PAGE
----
Friday, May 20, 2011

Sea-level rise could 'displace millions' in Vietnam

IRIN adds to the drumbeat of stories about Vietnam’s vulnerability to sea level rise and other impacts: For centuries, residents around Can Tho, a city of 1.1m people in southern Vietnam, just 0.8m above sea level, have depended on flood cycles to grow crops. However, experts warn there is a possibility that sea levels will rise in the delta region around Can Tho due to climate change, causing devastating floods that will displace millions and destroy those crops.

Can Tho is in the wider Mekong Delta, a rice-growing region that spans southern Vietnam and is home to 18 million people. More than half of Vietnam's rice is produced in the delta, as well as 60 percent of its fish and shrimp.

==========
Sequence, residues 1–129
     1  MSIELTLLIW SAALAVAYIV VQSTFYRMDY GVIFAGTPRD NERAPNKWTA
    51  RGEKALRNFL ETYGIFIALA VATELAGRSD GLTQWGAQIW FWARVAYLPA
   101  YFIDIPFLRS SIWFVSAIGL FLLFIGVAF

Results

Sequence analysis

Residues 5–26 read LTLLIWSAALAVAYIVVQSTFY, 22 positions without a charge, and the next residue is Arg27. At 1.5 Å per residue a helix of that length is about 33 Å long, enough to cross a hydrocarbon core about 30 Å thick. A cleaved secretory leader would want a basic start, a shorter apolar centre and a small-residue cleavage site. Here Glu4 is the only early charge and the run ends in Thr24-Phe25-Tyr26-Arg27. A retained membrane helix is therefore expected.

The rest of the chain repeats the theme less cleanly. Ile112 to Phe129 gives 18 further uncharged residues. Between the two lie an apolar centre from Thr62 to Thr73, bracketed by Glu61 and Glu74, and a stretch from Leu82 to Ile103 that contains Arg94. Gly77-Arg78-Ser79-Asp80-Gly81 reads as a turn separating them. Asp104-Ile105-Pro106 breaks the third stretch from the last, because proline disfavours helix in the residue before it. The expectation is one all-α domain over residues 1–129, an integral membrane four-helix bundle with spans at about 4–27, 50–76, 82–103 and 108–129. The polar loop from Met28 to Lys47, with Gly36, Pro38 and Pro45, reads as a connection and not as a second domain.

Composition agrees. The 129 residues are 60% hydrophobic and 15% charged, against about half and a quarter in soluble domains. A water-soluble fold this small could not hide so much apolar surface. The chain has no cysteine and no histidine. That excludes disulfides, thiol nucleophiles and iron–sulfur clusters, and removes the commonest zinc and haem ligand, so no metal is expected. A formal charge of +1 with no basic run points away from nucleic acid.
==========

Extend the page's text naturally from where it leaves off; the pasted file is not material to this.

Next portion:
A 1m sea-level rise could displace more than seven million residents of the Mekong delta, and a 2m sea-level rise could double that number, according to a study by the Columbia University Center for International Earth Science Information Network in New York, the UN Refugee Agency (UNHCR), and other groups.

The delta is where the Mekong River divides into nine channels after a 5,000km journey from the Tibetan plateau. It is "particularly susceptible" to sea-level rises, says Alex de Sherbinin, a senior research associate at the Columbia University Center. A 1m sea-level rise is "definitely within the bounds" of happening this century, he told IRIN. A 2m sea-level rise, however, is less likely.

The study examined the major deltas of the world, and was based on current patterns of climate change and migration for glacier melt, as well as interviews with displaced residents.

…Although Vietnam has always been vulnerable to adverse weather, climate change "is making the hazards worse", says Koos Neefjes, a climate change policy adviser to the UN Development Programme (UNDP) in Vietnam….

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